Home News Nigeria treated 1million tuberculosis cases in 11 years

Nigeria treated 1million tuberculosis cases in 11 years

by Haruna Gimba

By Iyema David

The Federal Ministry of Health (FMOH), said over 1,000,000 Nigerians have been successfully treated for TB from 2011 to date.

The Minister of Health, Dr Osagie Ehanire, who said this at a press conference to commemorate the World TB Day, on Thursday in Abuja, said the improvement was recorded due to the country’s efforts in the Tuberculosis (TB) response.

World TB Day is marked on March, 24 every year, to raise public awareness about the health, social and economic consequences of TB, and to step up efforts to end the global epidemic.

The theme of World TB Day 2022 is ‘Invest to End TB. Save Lives’ and Nigeria’s localised slogan is ‘Give more, Do more, End TB now.’

The theme conveys the urgent need to invest resources to ramp up the fight against TB and achieve the commitments made by global leaders to end TB.

Ehanire said that the country’s annual TB notification had steadily increased from 100,433 in 2016 to more than 207,000 TB cases in 2021 – the highest-ever notification and a 45 percent increase from 2020 notification.

He noted that with this array of interventions, the country has no doubt recorded steady improvements in its TB control efforts.

He stressed that however, considering the high burden of TB in the country, there was still a significant gap between the estimated and notified cases; only about 207,000 TB cases representing only 45 percent of the estimated cases were notified in 2021.

“A key challenge to our control effort has been low notification of child TB cases mainly due to capacity gaps among healthcare workers in diagnosing TB in childhood.

“Although we notified our highest number of child TB cases of 12,977 in 2021, the child TB proportion amongst the overall TB notification for the same year was six far lower than the WHO benchmark of 12 percent.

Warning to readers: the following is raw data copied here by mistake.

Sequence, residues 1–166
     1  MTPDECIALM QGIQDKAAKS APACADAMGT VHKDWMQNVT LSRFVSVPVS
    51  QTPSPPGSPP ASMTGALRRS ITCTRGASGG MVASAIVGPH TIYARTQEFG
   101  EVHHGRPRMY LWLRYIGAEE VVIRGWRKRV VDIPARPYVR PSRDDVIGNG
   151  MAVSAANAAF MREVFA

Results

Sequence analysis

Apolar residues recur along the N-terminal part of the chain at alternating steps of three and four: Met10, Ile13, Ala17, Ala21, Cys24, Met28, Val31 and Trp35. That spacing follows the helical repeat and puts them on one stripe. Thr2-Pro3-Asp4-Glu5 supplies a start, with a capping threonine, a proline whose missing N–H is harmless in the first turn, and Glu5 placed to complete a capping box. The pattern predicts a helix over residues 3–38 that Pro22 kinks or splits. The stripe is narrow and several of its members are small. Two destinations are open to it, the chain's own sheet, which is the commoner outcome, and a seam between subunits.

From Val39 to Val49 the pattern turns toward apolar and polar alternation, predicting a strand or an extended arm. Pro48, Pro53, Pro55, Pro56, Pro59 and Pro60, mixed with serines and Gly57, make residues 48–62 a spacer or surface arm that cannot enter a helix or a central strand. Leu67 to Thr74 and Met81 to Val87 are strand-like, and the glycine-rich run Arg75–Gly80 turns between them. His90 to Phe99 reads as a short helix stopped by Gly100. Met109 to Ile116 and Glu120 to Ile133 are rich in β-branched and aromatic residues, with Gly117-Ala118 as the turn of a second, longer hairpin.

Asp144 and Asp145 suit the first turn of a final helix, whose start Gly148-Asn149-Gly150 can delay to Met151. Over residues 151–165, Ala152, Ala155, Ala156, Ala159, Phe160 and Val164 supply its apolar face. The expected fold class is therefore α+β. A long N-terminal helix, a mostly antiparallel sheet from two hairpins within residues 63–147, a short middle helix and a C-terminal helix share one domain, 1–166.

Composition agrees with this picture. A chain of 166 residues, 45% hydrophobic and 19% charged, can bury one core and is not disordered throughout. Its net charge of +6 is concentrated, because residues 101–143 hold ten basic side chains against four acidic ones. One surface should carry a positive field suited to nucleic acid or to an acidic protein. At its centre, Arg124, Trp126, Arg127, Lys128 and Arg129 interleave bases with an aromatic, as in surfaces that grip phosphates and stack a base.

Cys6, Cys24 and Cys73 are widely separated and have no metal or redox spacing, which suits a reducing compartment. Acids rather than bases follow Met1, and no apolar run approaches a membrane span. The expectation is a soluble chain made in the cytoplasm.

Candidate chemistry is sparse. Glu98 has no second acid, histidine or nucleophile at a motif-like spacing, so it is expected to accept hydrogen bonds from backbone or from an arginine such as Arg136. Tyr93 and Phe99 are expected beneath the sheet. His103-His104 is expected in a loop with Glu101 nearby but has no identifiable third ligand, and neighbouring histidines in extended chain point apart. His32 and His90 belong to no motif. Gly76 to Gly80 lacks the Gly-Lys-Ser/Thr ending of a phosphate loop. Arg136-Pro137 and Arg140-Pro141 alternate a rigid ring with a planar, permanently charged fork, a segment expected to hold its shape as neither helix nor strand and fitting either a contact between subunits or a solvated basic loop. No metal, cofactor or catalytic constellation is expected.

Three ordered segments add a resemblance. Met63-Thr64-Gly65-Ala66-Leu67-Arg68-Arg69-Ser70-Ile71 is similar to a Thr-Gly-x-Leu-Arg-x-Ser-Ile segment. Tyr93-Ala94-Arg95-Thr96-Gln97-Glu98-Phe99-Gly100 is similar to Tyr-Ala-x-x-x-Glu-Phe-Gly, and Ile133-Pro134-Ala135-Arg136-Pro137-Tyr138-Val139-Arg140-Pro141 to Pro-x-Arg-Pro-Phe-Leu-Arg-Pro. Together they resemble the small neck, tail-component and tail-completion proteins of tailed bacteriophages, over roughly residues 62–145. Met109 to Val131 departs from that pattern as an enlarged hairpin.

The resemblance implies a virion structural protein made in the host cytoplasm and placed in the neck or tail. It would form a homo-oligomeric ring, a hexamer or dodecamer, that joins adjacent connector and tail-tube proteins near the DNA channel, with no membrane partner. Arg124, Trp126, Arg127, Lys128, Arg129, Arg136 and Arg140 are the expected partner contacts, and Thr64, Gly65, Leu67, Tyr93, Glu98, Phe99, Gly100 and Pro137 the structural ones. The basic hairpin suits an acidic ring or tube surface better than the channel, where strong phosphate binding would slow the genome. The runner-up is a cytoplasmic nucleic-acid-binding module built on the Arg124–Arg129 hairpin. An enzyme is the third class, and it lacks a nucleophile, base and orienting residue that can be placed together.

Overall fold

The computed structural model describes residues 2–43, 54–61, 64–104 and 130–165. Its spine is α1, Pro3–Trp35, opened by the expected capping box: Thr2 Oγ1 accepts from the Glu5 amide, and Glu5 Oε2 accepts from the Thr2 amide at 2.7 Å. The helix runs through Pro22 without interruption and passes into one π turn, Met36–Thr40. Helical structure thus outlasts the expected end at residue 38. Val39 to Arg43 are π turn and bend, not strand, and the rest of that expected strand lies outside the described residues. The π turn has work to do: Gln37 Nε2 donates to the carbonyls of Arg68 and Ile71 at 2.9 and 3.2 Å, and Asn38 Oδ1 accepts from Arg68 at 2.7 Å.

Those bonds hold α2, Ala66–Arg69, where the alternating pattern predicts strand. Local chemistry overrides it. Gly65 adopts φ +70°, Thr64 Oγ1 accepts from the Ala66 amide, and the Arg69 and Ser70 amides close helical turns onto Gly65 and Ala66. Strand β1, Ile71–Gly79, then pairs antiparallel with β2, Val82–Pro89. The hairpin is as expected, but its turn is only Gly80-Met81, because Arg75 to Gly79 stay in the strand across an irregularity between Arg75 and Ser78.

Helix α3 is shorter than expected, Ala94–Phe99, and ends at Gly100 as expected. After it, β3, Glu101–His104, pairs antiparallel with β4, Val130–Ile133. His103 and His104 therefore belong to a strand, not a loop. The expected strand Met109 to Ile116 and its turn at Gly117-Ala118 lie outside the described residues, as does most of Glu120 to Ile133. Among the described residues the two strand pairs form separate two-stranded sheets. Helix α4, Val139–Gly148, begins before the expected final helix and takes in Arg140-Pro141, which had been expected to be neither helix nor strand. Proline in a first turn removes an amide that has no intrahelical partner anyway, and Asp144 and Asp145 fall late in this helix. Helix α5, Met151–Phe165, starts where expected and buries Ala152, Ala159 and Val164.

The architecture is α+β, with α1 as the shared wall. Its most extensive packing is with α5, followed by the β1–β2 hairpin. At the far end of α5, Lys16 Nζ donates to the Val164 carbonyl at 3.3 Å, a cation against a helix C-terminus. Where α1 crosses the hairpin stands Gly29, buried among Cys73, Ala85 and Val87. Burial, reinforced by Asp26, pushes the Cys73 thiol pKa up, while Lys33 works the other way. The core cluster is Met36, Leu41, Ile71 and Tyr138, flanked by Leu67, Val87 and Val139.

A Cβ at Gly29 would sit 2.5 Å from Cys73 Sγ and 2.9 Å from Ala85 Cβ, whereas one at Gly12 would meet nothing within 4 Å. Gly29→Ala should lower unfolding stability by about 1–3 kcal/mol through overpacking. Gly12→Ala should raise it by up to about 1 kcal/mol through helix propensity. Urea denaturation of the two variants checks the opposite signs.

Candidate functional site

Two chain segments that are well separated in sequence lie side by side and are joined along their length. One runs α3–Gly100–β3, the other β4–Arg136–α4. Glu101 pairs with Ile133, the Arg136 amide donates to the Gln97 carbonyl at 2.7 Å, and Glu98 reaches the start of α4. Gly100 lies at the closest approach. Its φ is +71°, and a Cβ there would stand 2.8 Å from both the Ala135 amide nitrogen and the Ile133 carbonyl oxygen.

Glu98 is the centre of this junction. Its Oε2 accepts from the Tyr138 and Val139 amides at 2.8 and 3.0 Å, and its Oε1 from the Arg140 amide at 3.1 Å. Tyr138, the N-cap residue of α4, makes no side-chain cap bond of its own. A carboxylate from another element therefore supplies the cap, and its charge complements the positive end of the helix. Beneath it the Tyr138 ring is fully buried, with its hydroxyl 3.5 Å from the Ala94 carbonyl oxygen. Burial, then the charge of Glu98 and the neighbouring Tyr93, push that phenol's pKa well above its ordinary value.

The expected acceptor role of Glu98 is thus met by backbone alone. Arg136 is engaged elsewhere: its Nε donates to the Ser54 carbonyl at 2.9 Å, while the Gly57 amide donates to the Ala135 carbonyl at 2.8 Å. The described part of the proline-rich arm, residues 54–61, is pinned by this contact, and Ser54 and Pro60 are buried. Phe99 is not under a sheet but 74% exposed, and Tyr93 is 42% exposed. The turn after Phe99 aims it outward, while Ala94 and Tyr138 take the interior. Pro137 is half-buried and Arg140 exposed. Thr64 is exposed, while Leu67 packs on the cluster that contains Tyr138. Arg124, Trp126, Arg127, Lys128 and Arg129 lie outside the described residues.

“This implies a high proportion of missing child TB cases in Nigeria. Similarly, our DR-TB response has equally not yielded the desired results. Barely 2,975 14 percent of the estimated 21,000 DR-TB cases were notified in 2021,” he said

Another disturbing trend, the minister noted was the low enrollment rate of diagnosed DR-TB patients on treatment.

“Only 2,197 74 percent of diagnosed DR-TB patients were enrolled on treatment in 2021. This is not encouraging as it is a far cry from our target of 100 percent enrollment for diagnosed DR-TB patients. These untreated DR-TB patients constitute a time bomb as they continuously spread DR-TB in our communities,” he explained.

He noted that the TB preventive treatment (TPT) was also another concerning aspect of the country’s TB response.

The minister said that in furtherance to the country’s National Strategic Health Development Plan II (NSHDP II) as well as the recently developed National Strategic Plan (2021 – 2025) for TB, the Country’s priorities moving forward were to:”Ensure continuity of TB services through provision of integrated TB/COVID-19 services especially in the area of awareness creation, diagnosis and contact investigation.

“Scale up demand creation for TB services through strategic media engagement; Expand community TB interventions to all 36 States and the FCT, Introduce new diagnostic tools, shorter TB Preventive Therapy (TPT) regimen and all oral

medicines for treatment of DR-TB.

“Massively scale up TB service provision including TPT in both public and private facilities as well as in communities; Integrate TB services into Reproductive, Maternal, Newborn, Child and Adolescent Health plus Nutrition (RMNCAH+N) services.

Amongst other he said were to incorporate TB services as a package of care in the Basic Health Care Provision Fund (BHCPF), National and State Health Insurance Schemes,” he outlined.

Ehanire said that the 2022 theme for TB was apt and fully aligned with the country’s kick-out TB initiative.

Related Articles

Leave a Comment